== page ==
Last week’s primary runoffs in Texas offered good news for advocates of diversity and the LGBTQ community, with three out LGBTQ Black candidates winning their contests.
Prior to 2022, Texas voters had never elected an out Black LGBTQ person to the state legislature, even though a handful of LGBTQ legislators were elected in other districts.
But starting in February, with the special election victory of Jolanda Jones for the 147th District seat vacated by Rep. Garnet Coleman (D-Houston), that losing streak ended.
Jones, who became the first out LGBTQ Black legislator in state history, followed up that victory with another win on Tuesday, setting her up for the general election for a full two-year term.
Jones, a former member of the Houston City Council and the Houston School Board, ran on a platform advocating for affordable health care, better employment opportunities, public safety, and support for public education.
She was endorsed in both the special and primary elections by several state legislators, Black Democratic organizations, and LGBTQ groups, including LGBTQ Victory Fund, an organization dedicated to electing out LGBTQ individuals to public office.
Annise Parker, a former mayor of Houston who now serves as president and CEO of LGBTQ Victory Fund, praised Jones’ experience and qualifications, calling her a “natural leader and fierce advocate” dedicated to achieving “fairness and equity.”
“With so much prejudice plaguing our society, Jolanda’s win is a beacon of hope and demonstrates voters are motivated to elect leaders that reflect the real America who are ready to enact meaningful change,” Parker said in a statement. “We are confident Jolanda will continue being an effective leader and lawmaker and that her continued success will inspire many more LGBTQ and Black people to run for office.”
Tuesday’s runoffs also resulted in victories for two other candidates who will join Jones in the Legislature, which has provided political opportunities for LGBTQ individuals despite the proliferation of anti-LGBTQ legislation under Republican leadership. Currently, there are six incumbent LGBTQ lawmakers — all Democrats — serving in the lower chamber.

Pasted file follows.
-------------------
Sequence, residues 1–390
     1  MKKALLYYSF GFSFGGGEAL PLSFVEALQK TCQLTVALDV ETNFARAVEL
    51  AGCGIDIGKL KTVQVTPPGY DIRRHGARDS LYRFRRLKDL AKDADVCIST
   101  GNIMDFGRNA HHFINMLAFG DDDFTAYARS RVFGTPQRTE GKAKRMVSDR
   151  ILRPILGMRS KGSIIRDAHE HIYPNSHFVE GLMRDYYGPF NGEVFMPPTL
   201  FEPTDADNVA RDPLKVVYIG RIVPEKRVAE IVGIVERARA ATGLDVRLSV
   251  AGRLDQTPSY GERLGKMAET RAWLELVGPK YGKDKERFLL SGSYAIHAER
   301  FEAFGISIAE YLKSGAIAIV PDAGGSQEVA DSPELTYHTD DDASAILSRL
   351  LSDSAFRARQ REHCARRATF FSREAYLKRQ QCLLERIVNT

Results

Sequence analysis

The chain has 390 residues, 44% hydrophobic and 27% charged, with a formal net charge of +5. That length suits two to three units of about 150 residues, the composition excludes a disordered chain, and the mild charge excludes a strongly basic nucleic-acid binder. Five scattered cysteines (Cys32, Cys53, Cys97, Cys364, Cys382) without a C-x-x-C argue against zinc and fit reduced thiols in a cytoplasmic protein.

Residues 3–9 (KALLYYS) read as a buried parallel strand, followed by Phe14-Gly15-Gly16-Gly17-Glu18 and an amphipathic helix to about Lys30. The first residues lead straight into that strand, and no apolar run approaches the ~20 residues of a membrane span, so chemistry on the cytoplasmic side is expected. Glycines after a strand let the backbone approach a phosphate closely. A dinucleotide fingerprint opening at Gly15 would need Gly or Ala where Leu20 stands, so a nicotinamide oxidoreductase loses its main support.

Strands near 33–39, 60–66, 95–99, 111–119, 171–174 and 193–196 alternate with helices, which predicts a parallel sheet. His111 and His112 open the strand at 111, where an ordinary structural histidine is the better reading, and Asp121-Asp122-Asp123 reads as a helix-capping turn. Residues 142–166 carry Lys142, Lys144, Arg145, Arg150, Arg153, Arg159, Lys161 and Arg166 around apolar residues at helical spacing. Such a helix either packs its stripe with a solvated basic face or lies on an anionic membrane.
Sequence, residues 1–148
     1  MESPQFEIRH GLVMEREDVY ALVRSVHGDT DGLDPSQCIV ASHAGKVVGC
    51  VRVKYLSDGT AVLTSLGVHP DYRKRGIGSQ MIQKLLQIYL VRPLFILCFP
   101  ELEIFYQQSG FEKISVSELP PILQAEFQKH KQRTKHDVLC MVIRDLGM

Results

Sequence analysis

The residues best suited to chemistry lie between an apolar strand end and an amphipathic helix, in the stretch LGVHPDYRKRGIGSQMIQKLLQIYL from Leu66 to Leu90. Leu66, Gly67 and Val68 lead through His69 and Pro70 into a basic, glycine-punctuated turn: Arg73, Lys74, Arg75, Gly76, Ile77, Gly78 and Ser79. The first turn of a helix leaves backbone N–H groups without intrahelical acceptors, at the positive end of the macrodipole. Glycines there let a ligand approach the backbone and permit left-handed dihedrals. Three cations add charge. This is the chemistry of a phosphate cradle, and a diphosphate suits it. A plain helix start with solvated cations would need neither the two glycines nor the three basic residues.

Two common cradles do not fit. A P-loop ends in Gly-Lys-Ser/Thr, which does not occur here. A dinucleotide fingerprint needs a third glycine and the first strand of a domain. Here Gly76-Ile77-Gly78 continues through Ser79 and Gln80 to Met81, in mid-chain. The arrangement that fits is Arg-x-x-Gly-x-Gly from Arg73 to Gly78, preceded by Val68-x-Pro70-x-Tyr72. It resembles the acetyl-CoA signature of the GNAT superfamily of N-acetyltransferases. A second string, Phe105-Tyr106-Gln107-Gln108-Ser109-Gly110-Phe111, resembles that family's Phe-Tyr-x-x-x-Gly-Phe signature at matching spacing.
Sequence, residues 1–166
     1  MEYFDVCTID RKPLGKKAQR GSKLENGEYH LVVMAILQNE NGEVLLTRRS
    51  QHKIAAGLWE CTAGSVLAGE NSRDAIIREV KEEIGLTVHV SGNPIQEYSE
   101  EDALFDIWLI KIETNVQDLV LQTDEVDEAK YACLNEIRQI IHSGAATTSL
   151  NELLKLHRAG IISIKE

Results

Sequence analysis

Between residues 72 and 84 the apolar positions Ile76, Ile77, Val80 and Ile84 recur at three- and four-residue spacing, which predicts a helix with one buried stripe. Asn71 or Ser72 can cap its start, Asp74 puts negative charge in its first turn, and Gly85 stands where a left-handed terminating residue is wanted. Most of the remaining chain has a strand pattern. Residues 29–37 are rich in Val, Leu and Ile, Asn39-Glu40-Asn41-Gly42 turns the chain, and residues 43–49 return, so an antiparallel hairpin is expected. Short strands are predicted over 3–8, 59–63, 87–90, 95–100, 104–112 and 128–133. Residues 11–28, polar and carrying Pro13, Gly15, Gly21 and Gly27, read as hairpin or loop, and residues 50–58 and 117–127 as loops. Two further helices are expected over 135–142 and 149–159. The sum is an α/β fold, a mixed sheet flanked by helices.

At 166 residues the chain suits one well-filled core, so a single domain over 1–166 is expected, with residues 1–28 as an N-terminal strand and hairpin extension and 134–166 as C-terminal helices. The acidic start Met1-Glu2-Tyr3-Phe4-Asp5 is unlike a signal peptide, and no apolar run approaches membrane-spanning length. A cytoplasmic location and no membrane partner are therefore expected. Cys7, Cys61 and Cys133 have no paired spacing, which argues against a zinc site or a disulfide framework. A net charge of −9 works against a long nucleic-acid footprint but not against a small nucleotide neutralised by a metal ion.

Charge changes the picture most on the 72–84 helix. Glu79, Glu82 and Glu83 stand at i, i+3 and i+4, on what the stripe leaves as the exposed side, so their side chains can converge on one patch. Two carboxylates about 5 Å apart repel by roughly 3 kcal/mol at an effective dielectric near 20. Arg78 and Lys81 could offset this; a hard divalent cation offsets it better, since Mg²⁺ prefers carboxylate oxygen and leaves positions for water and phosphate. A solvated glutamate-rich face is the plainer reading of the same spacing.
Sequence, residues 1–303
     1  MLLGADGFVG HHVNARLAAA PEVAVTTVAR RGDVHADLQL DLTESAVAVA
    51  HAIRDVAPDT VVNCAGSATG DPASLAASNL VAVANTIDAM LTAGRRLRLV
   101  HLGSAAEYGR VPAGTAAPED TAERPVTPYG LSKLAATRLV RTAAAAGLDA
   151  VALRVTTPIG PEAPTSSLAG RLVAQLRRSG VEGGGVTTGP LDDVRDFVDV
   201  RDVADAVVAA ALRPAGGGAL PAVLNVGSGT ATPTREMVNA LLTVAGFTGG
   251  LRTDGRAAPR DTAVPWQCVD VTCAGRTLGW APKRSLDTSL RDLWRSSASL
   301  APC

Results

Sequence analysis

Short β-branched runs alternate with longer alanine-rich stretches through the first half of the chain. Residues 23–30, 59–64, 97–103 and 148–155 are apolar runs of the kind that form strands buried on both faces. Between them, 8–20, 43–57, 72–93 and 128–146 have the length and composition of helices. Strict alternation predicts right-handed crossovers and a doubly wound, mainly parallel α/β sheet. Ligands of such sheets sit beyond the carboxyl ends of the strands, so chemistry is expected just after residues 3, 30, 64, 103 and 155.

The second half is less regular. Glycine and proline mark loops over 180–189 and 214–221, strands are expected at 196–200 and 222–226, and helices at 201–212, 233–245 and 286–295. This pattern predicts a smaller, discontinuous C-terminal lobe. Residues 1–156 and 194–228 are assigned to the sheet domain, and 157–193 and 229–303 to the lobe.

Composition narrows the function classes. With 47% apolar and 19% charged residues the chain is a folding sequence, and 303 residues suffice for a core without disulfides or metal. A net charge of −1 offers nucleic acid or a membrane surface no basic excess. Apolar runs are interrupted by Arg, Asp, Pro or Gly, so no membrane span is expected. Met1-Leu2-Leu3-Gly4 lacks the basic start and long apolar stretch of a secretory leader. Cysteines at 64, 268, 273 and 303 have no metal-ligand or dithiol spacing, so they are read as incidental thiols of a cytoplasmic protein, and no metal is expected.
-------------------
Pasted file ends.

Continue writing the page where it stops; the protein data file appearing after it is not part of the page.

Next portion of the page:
Christian Manuel-Hayes, an out gay man, narrowly grabbed the Democratic nomination over Joseph Trahan in the state’s 22nd House District. Manuel-Hayes previously served as a staffer for incumbent Rep. Joe Deshotel (D-Beaumont).
In the state’s 100th House District, out gay man Venton Jones won the Democratic nomination to replace Rep. Jasmine Crockett (D-Dallas), a longtime community activist and organizer who won the party’s nomination for the 30th Congressional District, where she’s slated to become one of the more liberal members of Congress.
Jones, who ran on a platform of guaranteeing better health care options for veterans and people living with HIV, as well as education and voting rights, is the founder and CEO of the Southern Black Policy and Advocacy Network (SBPAN), a nonprofit seeking to “improve health, social, and economic disparities impacting Black communities living in the U.S. South,” according to the organization’s website.
If elected, he would also become the first out LGBTQ person living with HIV to serve in the Texas House of Representatives.
Jolanda Jones and Hayes face Republican opposition in the Nov. 8 general election, while Venton Jones faces a Libertarian opponent. However, all three districts are overwhelmingly Democratic, meaning all three are likely to make history as the first out Black state representatives to be elected to a full term.
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